7. Emergency Contingency and International Health Systems Funds. Over the longer term, the United States should support several measures that would have prevented the tragically delayed response of the present outbreak. First, the United States should support WHO establishing two new funds. One, proposed by a commission reviewing implementation of the International Health Regulations, would establish an emergency contingency fund for future health emergencies so that, next time, money will be immediately available. This should help ensure that the initial slow pace of financial commitments and disbursement, one factor in the delayed response to the present pandemic, will not be repeated. A global reserve health corps, trained health workers who can deploy to supplement local health workers where outbreaks occur, should accompany it. And two, as we have proposed earlier, WHO should establish a multi-billion dollar International Health Systems Fund to meet persisting health workforce and other health system needs. Bearing much resemblance to a proposed Global Fund for Health, this could be modeled on (and perhaps ultimately merge with) the Global Fund to Fight AIDS, Tuberculosis and Malaria, and be based on national health strategies.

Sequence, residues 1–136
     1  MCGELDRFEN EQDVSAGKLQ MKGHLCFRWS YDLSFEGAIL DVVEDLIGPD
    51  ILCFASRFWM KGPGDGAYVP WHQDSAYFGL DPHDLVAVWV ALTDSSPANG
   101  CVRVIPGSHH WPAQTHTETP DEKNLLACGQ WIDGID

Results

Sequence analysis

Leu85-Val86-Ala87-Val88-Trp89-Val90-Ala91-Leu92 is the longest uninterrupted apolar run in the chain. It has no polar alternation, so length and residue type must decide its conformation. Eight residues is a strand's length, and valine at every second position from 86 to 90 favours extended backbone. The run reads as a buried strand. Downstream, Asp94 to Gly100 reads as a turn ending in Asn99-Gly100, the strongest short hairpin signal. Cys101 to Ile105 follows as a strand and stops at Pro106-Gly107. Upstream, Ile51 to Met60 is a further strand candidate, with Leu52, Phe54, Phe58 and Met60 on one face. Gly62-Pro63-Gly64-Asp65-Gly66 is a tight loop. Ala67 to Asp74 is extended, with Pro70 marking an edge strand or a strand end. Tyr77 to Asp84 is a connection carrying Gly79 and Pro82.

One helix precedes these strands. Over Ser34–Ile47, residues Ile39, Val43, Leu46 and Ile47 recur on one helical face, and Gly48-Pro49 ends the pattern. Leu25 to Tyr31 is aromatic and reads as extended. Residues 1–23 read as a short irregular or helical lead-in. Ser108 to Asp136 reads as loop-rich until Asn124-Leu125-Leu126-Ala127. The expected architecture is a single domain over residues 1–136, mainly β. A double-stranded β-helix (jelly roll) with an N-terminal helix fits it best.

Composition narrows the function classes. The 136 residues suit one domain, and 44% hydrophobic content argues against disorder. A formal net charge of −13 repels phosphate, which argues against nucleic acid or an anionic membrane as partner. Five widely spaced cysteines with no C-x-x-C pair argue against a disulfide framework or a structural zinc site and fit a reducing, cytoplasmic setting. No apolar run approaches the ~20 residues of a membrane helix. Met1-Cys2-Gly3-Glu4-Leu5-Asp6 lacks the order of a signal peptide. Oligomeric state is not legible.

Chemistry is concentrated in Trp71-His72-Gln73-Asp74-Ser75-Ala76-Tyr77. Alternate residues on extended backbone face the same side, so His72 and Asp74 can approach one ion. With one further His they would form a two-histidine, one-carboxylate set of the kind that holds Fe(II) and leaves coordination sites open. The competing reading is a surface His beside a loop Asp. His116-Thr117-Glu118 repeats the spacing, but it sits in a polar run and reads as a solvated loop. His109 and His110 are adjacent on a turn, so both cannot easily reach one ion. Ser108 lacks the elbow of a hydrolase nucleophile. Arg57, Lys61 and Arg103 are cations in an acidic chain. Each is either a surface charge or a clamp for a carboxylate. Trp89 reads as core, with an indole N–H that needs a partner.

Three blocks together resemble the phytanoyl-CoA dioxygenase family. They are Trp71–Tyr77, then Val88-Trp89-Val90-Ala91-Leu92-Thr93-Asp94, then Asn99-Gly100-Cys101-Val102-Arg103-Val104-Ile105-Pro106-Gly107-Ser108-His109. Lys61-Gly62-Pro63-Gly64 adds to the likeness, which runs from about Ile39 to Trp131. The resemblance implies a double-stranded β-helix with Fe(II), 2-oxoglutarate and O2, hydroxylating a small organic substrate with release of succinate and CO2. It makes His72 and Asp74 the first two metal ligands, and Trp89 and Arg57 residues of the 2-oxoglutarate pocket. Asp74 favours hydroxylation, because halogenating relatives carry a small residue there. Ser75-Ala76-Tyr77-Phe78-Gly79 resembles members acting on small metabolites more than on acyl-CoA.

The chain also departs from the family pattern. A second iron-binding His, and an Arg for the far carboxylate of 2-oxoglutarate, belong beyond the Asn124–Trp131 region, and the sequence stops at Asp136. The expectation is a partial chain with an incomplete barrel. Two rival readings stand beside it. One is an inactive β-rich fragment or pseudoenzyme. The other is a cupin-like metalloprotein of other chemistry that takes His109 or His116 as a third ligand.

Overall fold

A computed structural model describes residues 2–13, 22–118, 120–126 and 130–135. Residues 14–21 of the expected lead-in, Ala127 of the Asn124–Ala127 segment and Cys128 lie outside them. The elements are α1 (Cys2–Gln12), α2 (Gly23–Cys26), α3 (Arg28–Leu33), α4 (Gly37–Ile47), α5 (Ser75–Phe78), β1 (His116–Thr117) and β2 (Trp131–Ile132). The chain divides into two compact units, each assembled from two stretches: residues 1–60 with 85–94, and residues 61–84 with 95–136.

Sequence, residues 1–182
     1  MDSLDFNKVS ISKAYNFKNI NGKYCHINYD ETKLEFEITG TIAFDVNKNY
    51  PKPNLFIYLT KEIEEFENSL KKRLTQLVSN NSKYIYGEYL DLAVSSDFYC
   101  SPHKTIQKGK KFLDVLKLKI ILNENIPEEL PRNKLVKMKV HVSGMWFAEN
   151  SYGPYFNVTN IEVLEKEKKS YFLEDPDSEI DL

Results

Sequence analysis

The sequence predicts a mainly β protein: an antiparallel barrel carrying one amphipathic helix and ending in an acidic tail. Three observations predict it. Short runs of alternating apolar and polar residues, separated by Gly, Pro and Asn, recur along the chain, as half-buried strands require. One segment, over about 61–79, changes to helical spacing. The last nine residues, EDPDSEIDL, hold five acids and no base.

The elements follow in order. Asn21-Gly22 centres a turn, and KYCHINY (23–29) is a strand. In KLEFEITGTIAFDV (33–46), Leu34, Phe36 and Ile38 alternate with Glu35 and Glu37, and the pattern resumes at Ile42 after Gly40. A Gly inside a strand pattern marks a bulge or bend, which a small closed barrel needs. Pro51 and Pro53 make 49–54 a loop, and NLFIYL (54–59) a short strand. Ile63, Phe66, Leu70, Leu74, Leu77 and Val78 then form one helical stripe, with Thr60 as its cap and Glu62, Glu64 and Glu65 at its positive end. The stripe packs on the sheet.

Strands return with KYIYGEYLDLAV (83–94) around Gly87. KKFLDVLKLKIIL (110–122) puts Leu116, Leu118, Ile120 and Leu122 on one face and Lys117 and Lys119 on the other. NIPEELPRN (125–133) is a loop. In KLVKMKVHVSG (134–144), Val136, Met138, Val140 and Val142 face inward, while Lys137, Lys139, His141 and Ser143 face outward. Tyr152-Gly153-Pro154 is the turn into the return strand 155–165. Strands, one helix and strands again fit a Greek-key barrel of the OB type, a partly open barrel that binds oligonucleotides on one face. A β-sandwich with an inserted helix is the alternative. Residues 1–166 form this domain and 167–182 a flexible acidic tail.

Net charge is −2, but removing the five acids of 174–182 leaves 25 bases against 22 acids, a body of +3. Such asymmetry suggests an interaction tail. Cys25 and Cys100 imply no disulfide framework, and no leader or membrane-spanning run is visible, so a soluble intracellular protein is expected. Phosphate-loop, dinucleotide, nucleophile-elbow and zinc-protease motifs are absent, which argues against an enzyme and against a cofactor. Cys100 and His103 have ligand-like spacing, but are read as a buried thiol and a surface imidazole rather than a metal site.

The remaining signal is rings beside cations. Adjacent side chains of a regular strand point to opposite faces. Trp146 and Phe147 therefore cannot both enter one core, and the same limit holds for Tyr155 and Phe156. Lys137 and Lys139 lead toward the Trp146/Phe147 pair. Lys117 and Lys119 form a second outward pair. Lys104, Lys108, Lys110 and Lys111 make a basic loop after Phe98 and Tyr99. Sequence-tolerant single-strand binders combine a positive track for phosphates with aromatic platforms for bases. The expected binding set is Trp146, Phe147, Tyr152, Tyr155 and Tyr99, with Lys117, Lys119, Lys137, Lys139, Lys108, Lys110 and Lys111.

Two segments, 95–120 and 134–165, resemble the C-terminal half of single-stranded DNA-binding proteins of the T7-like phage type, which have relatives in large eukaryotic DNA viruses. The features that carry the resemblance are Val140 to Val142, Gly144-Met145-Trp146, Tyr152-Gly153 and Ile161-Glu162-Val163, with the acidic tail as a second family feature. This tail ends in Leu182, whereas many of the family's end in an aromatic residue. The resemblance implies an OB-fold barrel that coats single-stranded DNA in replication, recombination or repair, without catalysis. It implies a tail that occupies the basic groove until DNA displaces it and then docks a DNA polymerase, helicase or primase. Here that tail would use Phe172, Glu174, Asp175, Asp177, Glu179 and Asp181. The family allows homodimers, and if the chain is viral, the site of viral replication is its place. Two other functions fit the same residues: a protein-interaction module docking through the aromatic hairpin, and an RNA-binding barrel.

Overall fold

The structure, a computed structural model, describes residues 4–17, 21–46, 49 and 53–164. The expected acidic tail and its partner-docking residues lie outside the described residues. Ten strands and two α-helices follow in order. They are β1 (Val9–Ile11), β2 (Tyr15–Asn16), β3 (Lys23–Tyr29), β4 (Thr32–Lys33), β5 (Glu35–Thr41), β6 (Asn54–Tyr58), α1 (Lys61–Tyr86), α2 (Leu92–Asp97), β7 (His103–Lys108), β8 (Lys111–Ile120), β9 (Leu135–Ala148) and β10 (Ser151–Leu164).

8. Toward a Framework Convention on Global Health. The U.S. should support a new binding legal global health framework – a Framework Convention on Global Health. As described in detail elsewhere, such a treaty would set standards with clear responsibility to strengthen health infrastructure and include measures to build health services accountability – and in the process, improve trust between health workers and communities. It would also clarify international responsibilities to respect, protect, and fulfill the right to health – which along with funding would include, for example, refraining from closing airports when doing so would preclude the shipment of health supplies and personnel to countries facing epidemics.
The United States took a major step forward yesterday. But at the UN Security Council meeting today and the Global Health Security Agenda meeting next week, and beyond, there is still a long way to go. Let’s use this crisis as an opportunity to build a healthier future.
The views reflected in this expert column are those of the individual authors and do not necessarily represent those of the O’Neill Institute for National and Global Health Law or Georgetown University. This blog is solely informational in nature, and not intended as a substitute for competent legal advice from a licensed and retained attorney in your state or country.